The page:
The Hollywood Reporter, Stephen Farber: This picture sometimes rivals Avatar in its spectacular landscapes and thrilling flying sequences, but of course it won't come anywhere near those megagrosses, and it's too scary to be wholeheartedly embraced by children.

Red Eagle / In See Dang / อินทรีแดง: Thai, Action/ Thriller – 2 hrs 15 mins – Ananda Everingham is really terrific as the red-masked crusader in this re-launch of an action franchise from the 1950s and '60s that starred the legendary leading man Mitr Chai

bancha. Set in 2016, the story shows Bangkok as a city threatened by crime, corruption, and a deadly nuclear project that is about to be built. In the midst of the dismay, a mysterious hero called Red Eagle steps forward to eliminate the evildoers. But he has to face his dangerous enemy Dark Devil, the elite killer hired to hunt him. Rated 18+ in Thailand.

There are flashes of director Wisit Sasanatieng’s trademark wild use of color and his antic imagination, but subservient here to the demands of a comic book masked crusader much along the lines of Batman. The film, really, is a sort of Thai Dark Knight. I have to say that the film is horrifically bloody, too much so for my taste. But I have to admit I liked the stylistic touch of having some of the crunching body blows show the actual crunching inside the body, thanks to X-ray photography. We can see bones snap, necks broken. Nice touch!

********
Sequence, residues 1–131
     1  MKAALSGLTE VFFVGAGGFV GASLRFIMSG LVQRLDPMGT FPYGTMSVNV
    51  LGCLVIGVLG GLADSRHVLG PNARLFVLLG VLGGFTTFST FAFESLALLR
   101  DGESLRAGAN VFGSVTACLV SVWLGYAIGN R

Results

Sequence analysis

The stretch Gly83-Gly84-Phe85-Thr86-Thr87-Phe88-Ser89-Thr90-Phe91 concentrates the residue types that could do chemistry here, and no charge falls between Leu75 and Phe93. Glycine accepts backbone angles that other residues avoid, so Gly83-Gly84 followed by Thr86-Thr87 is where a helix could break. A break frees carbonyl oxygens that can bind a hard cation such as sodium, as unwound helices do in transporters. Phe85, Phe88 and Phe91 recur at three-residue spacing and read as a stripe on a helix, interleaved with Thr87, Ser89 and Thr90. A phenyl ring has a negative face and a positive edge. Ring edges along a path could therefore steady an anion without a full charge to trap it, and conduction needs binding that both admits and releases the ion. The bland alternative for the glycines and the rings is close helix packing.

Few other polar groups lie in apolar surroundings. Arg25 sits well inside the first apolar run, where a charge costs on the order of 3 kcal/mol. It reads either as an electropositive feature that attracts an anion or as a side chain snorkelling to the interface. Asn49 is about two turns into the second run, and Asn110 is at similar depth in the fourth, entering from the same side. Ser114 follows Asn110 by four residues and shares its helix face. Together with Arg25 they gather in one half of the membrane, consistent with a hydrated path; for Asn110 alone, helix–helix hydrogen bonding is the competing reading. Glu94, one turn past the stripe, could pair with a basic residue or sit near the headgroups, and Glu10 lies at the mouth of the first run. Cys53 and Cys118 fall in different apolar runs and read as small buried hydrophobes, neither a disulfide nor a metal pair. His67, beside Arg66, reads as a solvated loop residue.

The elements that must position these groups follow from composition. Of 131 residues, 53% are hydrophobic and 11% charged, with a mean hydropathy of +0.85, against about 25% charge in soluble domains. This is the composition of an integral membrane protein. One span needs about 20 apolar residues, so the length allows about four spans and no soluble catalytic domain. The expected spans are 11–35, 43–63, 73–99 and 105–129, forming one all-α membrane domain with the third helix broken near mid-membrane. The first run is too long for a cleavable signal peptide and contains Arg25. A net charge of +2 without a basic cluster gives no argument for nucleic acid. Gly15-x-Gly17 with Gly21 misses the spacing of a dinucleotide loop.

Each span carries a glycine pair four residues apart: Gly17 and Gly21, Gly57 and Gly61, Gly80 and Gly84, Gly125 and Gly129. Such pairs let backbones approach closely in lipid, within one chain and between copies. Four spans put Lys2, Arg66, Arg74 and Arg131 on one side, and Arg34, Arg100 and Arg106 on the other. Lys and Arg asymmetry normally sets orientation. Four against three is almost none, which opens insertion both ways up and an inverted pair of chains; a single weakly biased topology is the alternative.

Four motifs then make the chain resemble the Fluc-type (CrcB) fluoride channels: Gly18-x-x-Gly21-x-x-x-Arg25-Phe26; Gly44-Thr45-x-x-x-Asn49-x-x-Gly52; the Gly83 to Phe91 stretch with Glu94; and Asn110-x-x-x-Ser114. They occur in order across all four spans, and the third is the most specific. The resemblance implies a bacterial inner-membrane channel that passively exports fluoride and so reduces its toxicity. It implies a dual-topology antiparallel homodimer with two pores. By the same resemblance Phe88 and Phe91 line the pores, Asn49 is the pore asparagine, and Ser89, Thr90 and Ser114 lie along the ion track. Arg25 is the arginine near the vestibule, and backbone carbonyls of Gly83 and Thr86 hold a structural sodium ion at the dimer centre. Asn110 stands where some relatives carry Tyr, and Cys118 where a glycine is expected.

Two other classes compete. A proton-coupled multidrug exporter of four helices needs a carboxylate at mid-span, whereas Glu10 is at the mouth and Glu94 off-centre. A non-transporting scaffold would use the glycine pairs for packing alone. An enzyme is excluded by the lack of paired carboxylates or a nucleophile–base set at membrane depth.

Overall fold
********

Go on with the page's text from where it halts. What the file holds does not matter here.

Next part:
For the whole, Wisit was mostly having fun and I found his enjoyment infectious. There’s a lot of imagination at work, in a wild and impossible comic book style.

A Nutshell Review, Stefan S.: This is possibly writer-director Wisit Sasanatieng's most ambitious project yet, in terms of its blunt critique on corrupt politics and politicians, wide ranging action sequences that shocked and awed, and a sprawling narrative that couldn't be contained in a single film. This of course paves way for subsequent stories to be told by filmmakers – not necessarily himself: he had announced that he's quitting commercial filmmaking for more indie fare - but I just can't see how anyone can take his place. ...

Although written and developed for many years by Wisit Sasanatieng, one cannot escape from drawing parallels between the political arena in the film, and that in real life.